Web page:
CVReturn err = CVOpenGLESTextureCacheCreateTextureFromImage(kCFAllocatorDefault, coreVideoTextureCache, cameraFrame, NULL, GL_TEXTURE_2D, GL_RGBA, bufferWidth, bufferHeight, GL_BGRA, GL_UNSIGNED_BYTE, 0, &texture);

if (!texture || err) {
    NSLog(@"CVOpenGLESTextureCacheCreateTextureFromImage failed (error: %d)", err);  
    return;
}

outputTexture = CVOpenGLESTextureGetName(texture);
glBindTexture(GL_TEXTURE_2D, outputTexture);
glTexParameteri(GL_TEXTURE_2D, GL_TEXTURE_MIN_FILTER, GL_LINEAR);
glTexParameteri(GL_TEXTURE_2D, GL_TEXTURE_MAG_FILTER, GL_LINEAR);
glTexParameteri(GL_TEXTURE_2D, GL_TEXTURE_WRAP_S, GL_CLAMP_TO_EDGE);
glTexParameteri(GL_TEXTURE_2D, GL_TEXTURE_WRAP_T, GL_CLAMP_TO_EDGE);

// Do processing work on the texture data here

CVPixelBufferUnlockBaseAddress(cameraFrame, 0);

CVOpenGLESTextureCacheFlush(coreVideoTextureCache, 0);
CFRelease(texture);
outputTexture = 0;

This creates a new CVOpenGLESTextureRef, representing an OpenGL ES texture, from the texture cache. This texture is based on the CVImageBufferRef passed in by the camera. That texture is then retrieved from the CVOpenGLESTextureRef and appropriate parameters set for it (which seemed to be necessary in my processing). Finally, I do my work on the texture and clean up when I'm done.

This fast upload process makes a real difference on the iOS devices. It took the upload and processing of a single 640x480 frame of video on an iPhone 4S from 9.0 ms to 1.8 ms.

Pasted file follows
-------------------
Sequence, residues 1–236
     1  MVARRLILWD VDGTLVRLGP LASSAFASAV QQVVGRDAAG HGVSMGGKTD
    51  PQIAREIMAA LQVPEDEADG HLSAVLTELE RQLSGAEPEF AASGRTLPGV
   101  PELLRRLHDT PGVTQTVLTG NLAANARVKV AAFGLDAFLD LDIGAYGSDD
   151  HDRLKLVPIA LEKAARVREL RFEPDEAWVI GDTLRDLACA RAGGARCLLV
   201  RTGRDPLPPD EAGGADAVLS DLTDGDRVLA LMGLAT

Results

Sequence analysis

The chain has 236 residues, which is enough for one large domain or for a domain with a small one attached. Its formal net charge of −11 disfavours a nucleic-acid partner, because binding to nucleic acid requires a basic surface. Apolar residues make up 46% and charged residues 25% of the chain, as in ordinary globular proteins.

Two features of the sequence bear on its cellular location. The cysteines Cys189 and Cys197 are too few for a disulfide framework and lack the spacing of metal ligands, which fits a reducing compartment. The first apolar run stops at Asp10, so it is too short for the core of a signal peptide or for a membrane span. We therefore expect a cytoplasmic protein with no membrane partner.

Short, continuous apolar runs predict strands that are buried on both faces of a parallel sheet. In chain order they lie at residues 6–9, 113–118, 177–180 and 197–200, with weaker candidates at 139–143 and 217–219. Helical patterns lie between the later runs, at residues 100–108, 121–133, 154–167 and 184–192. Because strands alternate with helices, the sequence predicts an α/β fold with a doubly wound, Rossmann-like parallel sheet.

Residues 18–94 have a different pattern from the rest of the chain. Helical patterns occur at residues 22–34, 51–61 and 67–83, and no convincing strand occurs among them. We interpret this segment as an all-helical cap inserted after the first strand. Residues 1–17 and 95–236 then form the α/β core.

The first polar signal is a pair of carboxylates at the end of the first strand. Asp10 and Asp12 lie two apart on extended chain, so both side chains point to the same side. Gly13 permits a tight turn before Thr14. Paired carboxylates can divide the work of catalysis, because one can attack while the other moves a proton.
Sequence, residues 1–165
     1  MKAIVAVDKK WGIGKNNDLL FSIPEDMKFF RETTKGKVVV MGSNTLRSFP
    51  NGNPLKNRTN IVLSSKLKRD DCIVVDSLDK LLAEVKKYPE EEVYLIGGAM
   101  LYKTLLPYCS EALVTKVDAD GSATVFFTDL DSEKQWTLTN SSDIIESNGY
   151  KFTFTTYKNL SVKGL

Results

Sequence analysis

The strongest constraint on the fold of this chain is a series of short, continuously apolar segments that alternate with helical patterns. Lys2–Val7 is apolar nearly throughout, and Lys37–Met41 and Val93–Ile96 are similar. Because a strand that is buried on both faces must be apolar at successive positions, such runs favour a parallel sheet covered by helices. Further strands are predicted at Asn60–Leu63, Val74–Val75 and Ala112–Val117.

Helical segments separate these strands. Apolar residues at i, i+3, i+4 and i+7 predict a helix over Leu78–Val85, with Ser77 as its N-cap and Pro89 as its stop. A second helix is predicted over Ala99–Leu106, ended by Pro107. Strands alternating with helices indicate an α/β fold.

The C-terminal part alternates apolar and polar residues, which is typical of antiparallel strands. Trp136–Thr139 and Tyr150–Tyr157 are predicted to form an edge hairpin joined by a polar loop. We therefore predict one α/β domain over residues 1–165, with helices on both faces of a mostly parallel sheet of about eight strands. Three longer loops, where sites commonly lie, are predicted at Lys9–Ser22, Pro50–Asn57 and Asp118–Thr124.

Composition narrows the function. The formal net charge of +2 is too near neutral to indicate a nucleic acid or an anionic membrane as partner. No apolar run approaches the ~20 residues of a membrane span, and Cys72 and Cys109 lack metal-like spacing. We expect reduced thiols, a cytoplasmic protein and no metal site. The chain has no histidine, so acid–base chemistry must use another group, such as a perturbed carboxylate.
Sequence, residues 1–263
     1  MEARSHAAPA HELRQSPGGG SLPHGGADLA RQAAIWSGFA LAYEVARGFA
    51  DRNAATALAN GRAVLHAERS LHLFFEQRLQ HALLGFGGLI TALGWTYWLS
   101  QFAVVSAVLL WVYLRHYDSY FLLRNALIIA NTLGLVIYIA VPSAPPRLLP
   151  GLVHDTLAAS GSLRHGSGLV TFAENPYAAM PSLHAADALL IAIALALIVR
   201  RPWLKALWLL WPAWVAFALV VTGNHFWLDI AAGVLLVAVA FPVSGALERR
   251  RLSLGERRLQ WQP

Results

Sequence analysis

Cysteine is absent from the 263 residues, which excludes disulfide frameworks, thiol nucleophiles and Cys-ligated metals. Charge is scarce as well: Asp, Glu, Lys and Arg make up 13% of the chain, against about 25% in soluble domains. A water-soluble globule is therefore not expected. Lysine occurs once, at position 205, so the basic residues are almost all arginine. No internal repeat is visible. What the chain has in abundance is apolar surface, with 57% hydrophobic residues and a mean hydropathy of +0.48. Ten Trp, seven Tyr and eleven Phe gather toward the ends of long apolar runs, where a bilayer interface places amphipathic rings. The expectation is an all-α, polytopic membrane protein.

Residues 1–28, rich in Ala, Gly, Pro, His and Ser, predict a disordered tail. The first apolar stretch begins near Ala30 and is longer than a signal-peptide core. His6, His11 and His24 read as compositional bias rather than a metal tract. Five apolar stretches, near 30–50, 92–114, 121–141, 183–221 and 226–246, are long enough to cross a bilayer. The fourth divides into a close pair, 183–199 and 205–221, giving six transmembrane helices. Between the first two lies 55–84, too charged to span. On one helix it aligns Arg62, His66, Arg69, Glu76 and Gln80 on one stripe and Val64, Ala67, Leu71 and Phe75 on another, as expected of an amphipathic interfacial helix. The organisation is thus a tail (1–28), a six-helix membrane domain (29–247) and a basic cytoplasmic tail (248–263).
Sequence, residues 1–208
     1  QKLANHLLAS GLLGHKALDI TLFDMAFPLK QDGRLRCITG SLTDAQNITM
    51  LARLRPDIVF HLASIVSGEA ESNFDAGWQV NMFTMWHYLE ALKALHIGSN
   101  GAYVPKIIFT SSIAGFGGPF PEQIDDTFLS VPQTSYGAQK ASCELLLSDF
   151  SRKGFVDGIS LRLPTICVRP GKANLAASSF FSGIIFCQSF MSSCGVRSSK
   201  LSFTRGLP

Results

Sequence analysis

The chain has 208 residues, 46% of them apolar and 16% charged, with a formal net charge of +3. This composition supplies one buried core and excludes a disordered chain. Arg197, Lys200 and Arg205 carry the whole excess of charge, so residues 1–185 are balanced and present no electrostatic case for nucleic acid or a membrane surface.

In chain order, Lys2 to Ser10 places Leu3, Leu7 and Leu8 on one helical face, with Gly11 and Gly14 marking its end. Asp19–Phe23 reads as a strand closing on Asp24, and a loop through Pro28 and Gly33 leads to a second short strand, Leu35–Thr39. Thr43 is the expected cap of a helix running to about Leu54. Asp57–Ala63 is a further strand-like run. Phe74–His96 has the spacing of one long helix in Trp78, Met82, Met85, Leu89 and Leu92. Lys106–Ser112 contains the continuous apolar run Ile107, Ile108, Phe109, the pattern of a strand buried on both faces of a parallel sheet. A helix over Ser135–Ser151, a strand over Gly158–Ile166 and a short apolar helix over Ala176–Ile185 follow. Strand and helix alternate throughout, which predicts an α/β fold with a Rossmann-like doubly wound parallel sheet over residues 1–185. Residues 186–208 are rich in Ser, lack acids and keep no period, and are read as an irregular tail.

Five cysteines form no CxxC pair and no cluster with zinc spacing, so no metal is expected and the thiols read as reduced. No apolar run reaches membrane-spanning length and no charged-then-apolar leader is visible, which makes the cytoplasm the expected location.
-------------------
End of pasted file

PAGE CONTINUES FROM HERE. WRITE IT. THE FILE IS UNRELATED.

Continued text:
I've heard that this works in reverse, as well, which might allow for the replacement of glReadPixels() in certain situations, but I've yet to try this.

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It is indeed a shame that such an efficient way for image processing is not very well documented. But thanks to people like you less experience developers can try to use this as well. –  Chiquis Mar 6 '12 at 1:32
    
Were you able to get texture caches working for the photo preset? I could not find any info anywhere on CFDictionaryRef cacheAttributes for CVOpenGLESTextureCacheCreate –  Dex Apr 4 '12 at 8:05
    
@Dex - Yes, this does work for the photo preset with the same settings as I've used for video frames. See my above-linked framework for the code with the options I've used. One caution is that on the iPhone 4, the camera can capture larger frames than the maximum texture size on that device. These photos can't be processed directly as textures, so some sort of tiling will be needed to deal with them. I'm working on that. –  Brad Larson Apr 4 '12 at 13:02
    
@BradLarson Do you know if it's possible to persist outputTexture? I'm trying to cache it temporarily to use in another method without having to do any extra copies to an extra texture. Not releasing it is a start, but doesn't seem to work still. –  Dex Jul 27 '12 at 22:38
    
@Dex - You'll need to copy the data within it somewhere if you want it to persist beyond the current frame of video, because it will be overwritten when the next camera frame comes in. One fast way to do this would be to render a passthrough shader on a quad to a texture-backed FBO. –  Brad Larson Jul 28 '12 at 1:01

Apple has finally posted the documentation, a little over a week ago.

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That's not documentation. That's someone at Apple copy/pasting the method names, and adding spaces in between the camel-case words. The header source-code comments are actually more useful than this, IME - they have more detail! –  Adam Jan 5 at 22:52